How Unwinding the Fed’s Balance Sheet Could Affect Global Stocks
A Look at the Fed's $4.5 Trillion Problem
The Federal Reserve’s balance sheet has ballooned to about $4.5 trillion, as of December 31, 2016, thanks to years of quantitative easing. In the aftermath of the 2008 financial crisis, the central bank began purchasing troubled assets — such as long-term Treasuries and mortgage-backed securities — to provide banks with capital for lending and acquiring other assets. The $4.5 trillion in acquired assets is about four times the pre-recession average.
With the economy improving, the central bank indicated that it may start unwinding its balance sheet, although the timetable remains uncertain and there’s no consensus on how the operation will be carried out. The central bank aims to quietly operate in the background over the next several years with a minimal effect on financial conditions, while paring down its balance sheet to lower levels that remain larger than prior to the financial crisis.
In this article, we will look at the impact of the central bank’s unwinding efforts on monetary policy, asset prices, and international markets.
Effects on Monetary Policy
The International Monetary Fund (IMF) believes that the unwinding of the Federal Reserve’s balance sheet will have a relatively small effect on monetary policy. As such, the institution recommended unwinding the balance sheet independent of changes in the federal funds rate and in inflation and employment outcomes unless the economy experienced a significant negative shock that would justify otherwise.
“Under the announced plan, if normalization were to begin at end-2017, the balance sheet would decline by $318 billion U.S. dollars in 2018 and by $409 billion dollars in 2019,” said the IMF in its latest annual report. “Such a reduction could have a monetary policy impact equivalent to a 22-basis point increase in the federal funds rate over the next two years.”
The small effect on interest rates means that international markets won’t face any immediate headwinds associated with rising interest rates. For example, many emerging markets hold dollar-denominated debt with payments tied to interest rates. The modest and steady increase in interest rates helps ensure that these companies have ample time to prepare for greater debt service payments without any sudden financial shock.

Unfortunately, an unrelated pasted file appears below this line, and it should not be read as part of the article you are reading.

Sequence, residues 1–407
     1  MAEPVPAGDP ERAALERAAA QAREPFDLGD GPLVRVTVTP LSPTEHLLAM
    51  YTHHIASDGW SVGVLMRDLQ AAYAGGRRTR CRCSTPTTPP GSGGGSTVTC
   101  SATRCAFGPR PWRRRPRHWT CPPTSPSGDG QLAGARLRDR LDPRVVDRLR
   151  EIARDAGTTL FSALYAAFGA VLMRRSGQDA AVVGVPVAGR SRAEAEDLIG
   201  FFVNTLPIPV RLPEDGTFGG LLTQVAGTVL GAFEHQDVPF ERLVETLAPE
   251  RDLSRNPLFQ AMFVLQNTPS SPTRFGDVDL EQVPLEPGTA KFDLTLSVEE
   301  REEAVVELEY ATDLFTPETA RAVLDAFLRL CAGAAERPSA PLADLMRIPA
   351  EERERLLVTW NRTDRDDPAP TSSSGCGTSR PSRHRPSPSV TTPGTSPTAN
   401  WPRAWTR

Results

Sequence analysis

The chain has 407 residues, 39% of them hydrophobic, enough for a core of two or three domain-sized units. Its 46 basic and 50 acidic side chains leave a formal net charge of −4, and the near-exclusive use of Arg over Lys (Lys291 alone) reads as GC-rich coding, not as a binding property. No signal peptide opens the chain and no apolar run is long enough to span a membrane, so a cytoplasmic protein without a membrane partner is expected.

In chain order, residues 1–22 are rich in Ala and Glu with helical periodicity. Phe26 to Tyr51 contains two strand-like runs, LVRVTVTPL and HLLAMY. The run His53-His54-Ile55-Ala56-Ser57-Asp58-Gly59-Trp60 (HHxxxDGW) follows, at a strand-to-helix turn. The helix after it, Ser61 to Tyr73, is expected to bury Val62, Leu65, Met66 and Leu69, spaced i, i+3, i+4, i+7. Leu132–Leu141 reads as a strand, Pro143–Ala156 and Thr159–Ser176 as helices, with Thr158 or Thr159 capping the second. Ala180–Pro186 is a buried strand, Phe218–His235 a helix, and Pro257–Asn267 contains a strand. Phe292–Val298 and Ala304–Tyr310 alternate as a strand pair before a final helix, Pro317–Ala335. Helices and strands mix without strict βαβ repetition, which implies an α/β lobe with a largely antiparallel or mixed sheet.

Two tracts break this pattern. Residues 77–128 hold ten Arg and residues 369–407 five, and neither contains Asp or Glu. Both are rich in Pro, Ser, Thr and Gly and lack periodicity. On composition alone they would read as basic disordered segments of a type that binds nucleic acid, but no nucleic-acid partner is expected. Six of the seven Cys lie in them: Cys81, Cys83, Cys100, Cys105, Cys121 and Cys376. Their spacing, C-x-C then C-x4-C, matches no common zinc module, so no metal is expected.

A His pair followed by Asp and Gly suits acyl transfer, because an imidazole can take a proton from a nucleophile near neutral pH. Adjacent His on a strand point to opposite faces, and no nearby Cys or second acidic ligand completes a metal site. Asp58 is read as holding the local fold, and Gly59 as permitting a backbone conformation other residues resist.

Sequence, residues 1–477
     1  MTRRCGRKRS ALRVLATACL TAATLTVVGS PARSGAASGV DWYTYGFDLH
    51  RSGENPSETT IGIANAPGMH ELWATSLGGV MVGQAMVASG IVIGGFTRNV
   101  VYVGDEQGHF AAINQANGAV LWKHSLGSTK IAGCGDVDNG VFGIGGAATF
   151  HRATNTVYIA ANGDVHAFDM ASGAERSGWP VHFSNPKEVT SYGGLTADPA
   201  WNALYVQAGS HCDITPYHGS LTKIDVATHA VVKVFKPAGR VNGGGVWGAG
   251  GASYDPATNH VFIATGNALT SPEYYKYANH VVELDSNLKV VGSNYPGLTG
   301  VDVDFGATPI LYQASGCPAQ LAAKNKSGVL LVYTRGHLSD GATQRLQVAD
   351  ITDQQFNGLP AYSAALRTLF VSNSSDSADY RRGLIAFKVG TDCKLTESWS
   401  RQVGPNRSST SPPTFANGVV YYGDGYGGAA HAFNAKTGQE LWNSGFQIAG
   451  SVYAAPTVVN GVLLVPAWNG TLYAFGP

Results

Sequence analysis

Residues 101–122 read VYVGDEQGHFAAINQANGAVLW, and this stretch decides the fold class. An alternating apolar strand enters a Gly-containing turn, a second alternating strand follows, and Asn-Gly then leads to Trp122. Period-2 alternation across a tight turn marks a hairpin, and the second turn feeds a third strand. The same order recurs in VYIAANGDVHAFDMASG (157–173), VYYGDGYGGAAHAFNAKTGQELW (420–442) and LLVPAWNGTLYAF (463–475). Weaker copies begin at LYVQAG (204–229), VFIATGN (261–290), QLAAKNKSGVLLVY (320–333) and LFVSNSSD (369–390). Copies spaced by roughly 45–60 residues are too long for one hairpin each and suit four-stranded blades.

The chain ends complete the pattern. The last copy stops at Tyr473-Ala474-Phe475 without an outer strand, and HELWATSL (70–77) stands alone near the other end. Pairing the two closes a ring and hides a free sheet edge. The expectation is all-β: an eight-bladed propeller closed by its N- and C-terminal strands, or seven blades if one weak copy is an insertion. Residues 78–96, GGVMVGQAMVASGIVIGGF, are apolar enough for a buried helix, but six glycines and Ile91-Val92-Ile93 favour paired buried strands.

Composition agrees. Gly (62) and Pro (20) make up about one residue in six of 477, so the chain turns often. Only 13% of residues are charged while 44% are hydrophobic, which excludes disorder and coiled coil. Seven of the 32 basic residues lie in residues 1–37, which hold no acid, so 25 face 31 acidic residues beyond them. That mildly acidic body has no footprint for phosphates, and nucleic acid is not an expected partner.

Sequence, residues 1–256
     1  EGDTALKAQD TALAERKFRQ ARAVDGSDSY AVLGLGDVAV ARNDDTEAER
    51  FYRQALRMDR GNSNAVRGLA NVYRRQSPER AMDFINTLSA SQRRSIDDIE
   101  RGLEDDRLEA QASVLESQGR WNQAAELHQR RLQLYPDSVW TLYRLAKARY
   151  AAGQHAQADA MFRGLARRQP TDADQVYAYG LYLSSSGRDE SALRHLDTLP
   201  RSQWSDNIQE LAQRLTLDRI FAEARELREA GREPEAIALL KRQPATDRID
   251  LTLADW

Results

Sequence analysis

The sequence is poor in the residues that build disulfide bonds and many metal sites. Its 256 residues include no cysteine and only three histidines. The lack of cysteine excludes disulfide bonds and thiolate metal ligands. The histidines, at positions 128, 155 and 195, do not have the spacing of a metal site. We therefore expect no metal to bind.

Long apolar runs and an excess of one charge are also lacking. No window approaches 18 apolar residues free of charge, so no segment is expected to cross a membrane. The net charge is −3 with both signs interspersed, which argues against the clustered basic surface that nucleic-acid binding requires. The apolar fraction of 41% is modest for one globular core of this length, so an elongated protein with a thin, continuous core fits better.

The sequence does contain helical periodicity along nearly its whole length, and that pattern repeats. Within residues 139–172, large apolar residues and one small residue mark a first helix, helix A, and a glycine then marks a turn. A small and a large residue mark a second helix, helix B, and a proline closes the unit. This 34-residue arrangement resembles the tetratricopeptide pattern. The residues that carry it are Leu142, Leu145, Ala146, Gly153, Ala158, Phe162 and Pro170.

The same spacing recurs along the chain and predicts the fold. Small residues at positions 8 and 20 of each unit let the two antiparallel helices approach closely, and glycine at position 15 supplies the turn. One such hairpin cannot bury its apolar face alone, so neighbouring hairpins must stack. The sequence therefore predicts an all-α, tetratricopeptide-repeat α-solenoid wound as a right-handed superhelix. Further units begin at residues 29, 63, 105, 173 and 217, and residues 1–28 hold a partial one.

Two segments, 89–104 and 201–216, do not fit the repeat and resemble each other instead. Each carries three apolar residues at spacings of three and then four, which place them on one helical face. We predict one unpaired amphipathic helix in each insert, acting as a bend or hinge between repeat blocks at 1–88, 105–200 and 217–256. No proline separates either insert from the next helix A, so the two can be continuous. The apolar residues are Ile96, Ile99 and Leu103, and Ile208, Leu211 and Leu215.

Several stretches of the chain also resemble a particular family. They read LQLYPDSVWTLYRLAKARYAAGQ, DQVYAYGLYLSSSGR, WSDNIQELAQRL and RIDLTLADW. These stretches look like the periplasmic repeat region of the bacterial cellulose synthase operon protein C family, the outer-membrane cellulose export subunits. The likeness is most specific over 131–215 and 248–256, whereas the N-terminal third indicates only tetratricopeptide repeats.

Impact on Stocks & Bonds
The unwinding of the Federal Reserve’s balance sheet may have a negligible impact on the central bank’s overnight interest rates, but it could have a big impact on stocks, bonds, and other assets. After all, these assets are driven more by perception than reality and the perception of a slowdown in government bond and mortgage backed security purchases could lower the prices and increase the yield of these instruments.
Rising government bond yields could have several different effects on the markets. For example, these benchmark bonds are typically used to set the so-called “risk free” rate when it comes to equity valuations, and a higher risk-free rate could translate to lower asset valuations. Higher yields could also hurt interest rates that are set based on these benchmark bonds, including mortgages in the United States or overseas rates.
Higher yielding U.S. government bonds could also draw capital away from emerging markets and other global economies. After all, an investor evaluating U.S. bonds and emerging market bonds with similar interest rates may choose U.S. bonds due to their lower risk. Emerging markets may have to respond by increasing bond yields, which would result in a decrease in bond prices, particularly in interest rate sensitive markets.
The Bottom Line
The Federal Reserve’s plans to unwind its $4.5 trillion balance sheet is expected to have a modest effect on interest rates, but it could have a big impact on the valuations of stocks, bonds, and other assets. Domestic and international investors should be mindful of these risks as the central bank makes its plans clearer down the road, although the effects could be minimal if the unwinding process goes according to plan.
In 2013, Chairman Ben Bernanke suggested that the central bank may slow down the pace of its bond purchases. Investors responded by sending bond yields sharply higher and sending stocks down about 5 percent in June in what eventually became known as the “taper tantrum”. The central bank hopes to avoid these problems by slowly unwinding the purchases in a very predictable way, but there is no precedent for investors to follow and the reaction is uncertain.
Investors can hedge against this uncertainty by ensuring that their portfolio is properly diversified – especially fixed income portfolios that may be most vulnerable.